Wednesday, March 4, 2009

Boobies and Frigate Birds

Our wake-up call was at 7:00 AM, so I guess we slept in this morning. Our morning walk was on an island called 'Rabida', so I wondered if it originated because rabid animals lived on the island, but in fact it was the name of a convent or order of nuns in Spain. That still does not explain why the island was named Rabida, but I did not ask more of our guide. The soil was red, there were sea lions sprawled all over the shore, and our walk was mildly interesting. We saw a sea turle swimming offshore, so I was hoping we would see more during our snorkeling excurison. When we arrived at the island, a young Galapagos hawk was sitting on a rock waiting for us and posing. It did not move as panga after panga arrived. People were madly taking photographs and it continued to sit for us, its head moving around one way and then the other. I wondered if the guides had ordered him for us and placed him there for a photo op. Our walk was not particuarly eventful. I hardly remember if we saw anything. We snorkeled in the deep water and saw lots of colourful fish, an eel, a gorgeous puffer fish, but no sharks.

Our afternoon hike on North Seymour was the highlight. We saw many boobies courting each other with their distinctive dance, and watched great and magnificent frigate birds check each other out. The male frigates had their bright red pouches poofed out in the hopes of attracting females to mate with. The females were flying about, checking out the puffed up males. There were baby frigate birds in nests waiting to be fed and even more juvenile frigates. This was the best day of our trip so far. The boobies were the my favourite experience. Their feet are various shades of blue and turquoise. Apparently the colour of their feet attracts females and they dance to court each other. They were very busy flirting with each other and some were preparing nests for baby boobies. The boobies and the frigates were nesting amongst each other in a circumscribed area and were so numerous we had to be careful not to step on them. We ran into some land iguanas as well.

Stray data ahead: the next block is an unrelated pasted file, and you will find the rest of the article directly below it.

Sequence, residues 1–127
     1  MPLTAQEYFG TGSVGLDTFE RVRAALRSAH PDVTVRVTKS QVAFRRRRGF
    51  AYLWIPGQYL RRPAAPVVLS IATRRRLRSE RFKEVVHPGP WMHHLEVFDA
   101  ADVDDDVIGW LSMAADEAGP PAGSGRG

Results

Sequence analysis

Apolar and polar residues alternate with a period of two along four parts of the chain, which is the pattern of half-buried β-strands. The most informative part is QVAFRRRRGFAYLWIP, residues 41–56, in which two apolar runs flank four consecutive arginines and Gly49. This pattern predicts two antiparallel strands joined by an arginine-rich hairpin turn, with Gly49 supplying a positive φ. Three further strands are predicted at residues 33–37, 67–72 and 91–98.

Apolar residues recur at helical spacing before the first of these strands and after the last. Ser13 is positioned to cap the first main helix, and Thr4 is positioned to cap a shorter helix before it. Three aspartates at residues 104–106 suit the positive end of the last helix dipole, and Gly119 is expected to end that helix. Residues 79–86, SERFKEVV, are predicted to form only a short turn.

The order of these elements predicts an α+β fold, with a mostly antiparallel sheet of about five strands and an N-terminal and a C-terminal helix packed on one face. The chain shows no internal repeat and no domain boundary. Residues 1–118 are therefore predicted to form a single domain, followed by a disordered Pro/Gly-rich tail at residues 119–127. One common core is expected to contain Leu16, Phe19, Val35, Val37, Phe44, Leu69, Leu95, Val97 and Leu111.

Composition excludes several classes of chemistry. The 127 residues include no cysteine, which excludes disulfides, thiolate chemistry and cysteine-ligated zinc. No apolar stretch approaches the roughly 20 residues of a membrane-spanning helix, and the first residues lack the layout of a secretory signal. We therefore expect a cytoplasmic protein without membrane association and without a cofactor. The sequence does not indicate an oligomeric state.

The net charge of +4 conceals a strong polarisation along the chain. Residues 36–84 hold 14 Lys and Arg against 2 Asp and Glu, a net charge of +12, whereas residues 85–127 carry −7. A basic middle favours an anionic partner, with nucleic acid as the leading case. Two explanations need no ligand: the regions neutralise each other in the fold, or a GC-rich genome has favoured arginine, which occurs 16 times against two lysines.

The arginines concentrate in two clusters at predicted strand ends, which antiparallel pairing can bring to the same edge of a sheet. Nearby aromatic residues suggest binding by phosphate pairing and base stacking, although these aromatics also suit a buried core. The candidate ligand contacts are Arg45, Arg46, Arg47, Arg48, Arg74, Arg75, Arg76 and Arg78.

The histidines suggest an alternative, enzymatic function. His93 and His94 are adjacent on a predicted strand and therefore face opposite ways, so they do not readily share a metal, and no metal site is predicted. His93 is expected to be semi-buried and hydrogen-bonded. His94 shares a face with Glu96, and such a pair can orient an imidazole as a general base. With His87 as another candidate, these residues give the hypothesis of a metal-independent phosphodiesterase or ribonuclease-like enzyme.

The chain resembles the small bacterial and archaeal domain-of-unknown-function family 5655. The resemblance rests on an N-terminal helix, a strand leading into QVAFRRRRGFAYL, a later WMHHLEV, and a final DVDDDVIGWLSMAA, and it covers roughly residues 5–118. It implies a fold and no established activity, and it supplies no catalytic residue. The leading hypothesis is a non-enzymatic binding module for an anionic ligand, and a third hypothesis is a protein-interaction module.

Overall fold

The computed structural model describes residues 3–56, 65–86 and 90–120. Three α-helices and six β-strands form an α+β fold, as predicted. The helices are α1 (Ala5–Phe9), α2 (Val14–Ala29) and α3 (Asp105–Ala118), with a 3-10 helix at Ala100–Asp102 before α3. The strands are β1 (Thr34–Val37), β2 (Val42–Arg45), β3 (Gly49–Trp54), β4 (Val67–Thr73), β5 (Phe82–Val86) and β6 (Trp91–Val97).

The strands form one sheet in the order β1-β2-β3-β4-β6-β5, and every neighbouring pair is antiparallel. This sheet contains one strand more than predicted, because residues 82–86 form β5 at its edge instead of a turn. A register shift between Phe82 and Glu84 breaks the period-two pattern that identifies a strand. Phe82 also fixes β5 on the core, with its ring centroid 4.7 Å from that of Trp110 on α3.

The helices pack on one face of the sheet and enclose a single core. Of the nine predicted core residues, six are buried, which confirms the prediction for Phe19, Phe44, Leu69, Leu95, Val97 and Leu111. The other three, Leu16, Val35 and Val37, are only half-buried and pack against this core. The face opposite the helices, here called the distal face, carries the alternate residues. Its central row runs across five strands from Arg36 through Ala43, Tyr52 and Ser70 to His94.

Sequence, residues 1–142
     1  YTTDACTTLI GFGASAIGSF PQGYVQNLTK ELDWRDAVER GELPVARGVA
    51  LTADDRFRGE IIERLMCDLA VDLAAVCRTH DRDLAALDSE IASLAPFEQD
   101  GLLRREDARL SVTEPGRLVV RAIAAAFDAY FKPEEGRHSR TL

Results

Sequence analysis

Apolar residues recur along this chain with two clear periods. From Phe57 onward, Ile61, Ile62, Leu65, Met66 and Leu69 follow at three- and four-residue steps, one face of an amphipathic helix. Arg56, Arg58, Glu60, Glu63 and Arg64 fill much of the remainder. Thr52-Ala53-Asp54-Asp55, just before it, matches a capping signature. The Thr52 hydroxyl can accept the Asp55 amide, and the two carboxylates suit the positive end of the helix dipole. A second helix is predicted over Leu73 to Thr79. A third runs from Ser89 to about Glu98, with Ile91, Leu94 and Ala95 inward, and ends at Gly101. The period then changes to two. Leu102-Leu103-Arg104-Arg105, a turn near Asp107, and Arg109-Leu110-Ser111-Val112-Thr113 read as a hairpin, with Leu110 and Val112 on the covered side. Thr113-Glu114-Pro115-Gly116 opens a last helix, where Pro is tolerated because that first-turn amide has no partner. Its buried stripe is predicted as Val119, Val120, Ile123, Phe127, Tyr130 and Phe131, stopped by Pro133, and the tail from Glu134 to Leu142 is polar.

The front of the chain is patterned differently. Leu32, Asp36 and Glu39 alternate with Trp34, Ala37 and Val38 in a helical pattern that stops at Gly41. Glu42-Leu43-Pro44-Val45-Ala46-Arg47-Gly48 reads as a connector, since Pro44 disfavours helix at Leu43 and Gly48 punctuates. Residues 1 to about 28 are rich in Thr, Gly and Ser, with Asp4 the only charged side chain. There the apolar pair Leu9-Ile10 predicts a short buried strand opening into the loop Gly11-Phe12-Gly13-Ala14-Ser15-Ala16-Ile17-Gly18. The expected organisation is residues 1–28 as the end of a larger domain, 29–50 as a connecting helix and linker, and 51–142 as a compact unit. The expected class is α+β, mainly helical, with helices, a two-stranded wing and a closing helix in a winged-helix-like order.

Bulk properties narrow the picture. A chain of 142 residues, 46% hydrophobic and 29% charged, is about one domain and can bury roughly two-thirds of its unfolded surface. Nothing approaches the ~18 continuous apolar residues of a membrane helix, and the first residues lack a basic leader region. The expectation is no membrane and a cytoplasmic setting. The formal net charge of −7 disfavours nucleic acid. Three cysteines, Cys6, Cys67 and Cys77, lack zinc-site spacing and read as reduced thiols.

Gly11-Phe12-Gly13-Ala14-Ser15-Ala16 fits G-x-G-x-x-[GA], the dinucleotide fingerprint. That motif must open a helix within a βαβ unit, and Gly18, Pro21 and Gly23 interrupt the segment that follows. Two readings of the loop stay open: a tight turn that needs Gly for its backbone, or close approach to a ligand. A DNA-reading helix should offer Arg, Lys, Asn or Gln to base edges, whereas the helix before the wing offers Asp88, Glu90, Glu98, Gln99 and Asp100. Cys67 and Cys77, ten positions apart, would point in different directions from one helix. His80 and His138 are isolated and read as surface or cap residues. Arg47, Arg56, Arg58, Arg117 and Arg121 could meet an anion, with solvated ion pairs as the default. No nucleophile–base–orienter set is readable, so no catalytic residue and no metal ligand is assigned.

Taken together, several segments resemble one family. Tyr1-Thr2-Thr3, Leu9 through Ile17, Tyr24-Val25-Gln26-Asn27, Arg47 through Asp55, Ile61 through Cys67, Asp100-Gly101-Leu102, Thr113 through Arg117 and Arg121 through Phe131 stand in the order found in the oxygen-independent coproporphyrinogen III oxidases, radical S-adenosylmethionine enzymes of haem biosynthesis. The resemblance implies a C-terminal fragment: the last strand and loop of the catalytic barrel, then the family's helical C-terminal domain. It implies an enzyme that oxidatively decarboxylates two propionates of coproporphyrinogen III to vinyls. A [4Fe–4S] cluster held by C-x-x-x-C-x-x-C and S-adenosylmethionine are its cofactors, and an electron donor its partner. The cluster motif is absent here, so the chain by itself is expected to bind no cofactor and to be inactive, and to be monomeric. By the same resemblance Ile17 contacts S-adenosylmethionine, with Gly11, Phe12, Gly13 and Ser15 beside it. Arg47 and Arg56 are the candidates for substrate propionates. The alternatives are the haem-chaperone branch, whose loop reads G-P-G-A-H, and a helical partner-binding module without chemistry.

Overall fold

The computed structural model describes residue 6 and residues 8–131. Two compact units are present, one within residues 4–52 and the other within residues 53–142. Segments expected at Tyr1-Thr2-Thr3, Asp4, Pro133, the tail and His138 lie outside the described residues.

Waves were crashing on the shore and the sun was setting between Daphne Major and Daphne Minor as we headed for the pangas and back to the Santa Cruz. The guides were urging us along. The National Park has very strict rules about leaving the islands by sunset, which is about 6:15, and we were lingering and not wanting to leave. When we finally were ready to pile into the pangas, the sea was wild and throwing the little crafts about, making it difficult to get into the boats.

Our time has passed quickly. This has been an entirely unique experience for me. Eric has been frustrated because the itinerary is not his favourite. Unfortunately, Genovesa, which he feels is a must for all visitors, is not open to groups larger than 40, so the Santa Cruz cannot visit it. I am amazed that I am seeing so much that I have not seen. Evidently I have, in past years, been on a very different schedule and had seen other parts of the islands, so much so to make this a one of a kind experience. I am imagining all the places I will bring my family and friends to, and am putting together the plan. I am hoping to have lots and lots of visitors to our home in Quito and I am sure that many of them will want to visit the Galapagos. Eric has learned that the best trip is on the Isabella, which has has a maximum capacity of 40 people, and we will make sure we take the 11 day tour and include Genovesa, Fernandina and Isabella.

The pace of the shedule on the boat is exhausting. I can hardly stay awake, and nodded off during Eri'c lecture (which was very good in fact) and through dinner and now again I can hardly keepmy eyes open. Time for bed!!!

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